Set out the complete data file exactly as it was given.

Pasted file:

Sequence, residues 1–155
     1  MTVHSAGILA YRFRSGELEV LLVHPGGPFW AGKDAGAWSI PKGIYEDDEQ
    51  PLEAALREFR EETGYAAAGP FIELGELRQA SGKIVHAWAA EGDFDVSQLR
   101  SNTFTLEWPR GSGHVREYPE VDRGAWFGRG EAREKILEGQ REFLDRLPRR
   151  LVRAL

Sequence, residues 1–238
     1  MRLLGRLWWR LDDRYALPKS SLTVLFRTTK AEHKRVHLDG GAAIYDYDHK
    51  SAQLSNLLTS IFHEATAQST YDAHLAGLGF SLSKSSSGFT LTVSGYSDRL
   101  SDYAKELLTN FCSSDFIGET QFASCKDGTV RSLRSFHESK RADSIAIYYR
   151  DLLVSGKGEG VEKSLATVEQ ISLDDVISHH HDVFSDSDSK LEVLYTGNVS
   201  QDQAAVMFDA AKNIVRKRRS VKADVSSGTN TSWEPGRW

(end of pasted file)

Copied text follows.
Sequence, residues 1–155
     1  MTVHSAGILA YRFRSGELEV LLVHPGGPFW AGKDAGAWSI PKGIYEDDEQ
    51  PLEAALREFR EETGYAAAGP FIELGELRQA SGKIVHAWAA EGDFDVSQLR
   101  SNTFTLEWPR GSGHVREYPE VDRGAWFGRG EAREKILEGQ REFLDRLPRR
   151  LVRAL

Sequence, residues 1–238
     1  MRLLGRLWWR LDDRYALPKS SLTVLFRTTK AEHKRVHLDG GAAIYDYDHK
    51  SAQLSNLLTS IFHEATAQST YDAHLAGLGF SLSKSSSGFT LTVSGYSDRL
   101  SDYAKELLTN FCSSDFIGET QFASCKDGTV RSLRSFHESK RADSIAIYYR
   151  DLLVSGKGEG VEKSLATVEQ ISLDDVISHH HDVFSDSDSK LEVLYTGNVS
   201  QDQAAVMFDA AKNIVRKRRS VKADVSSGTN TSWEPGRW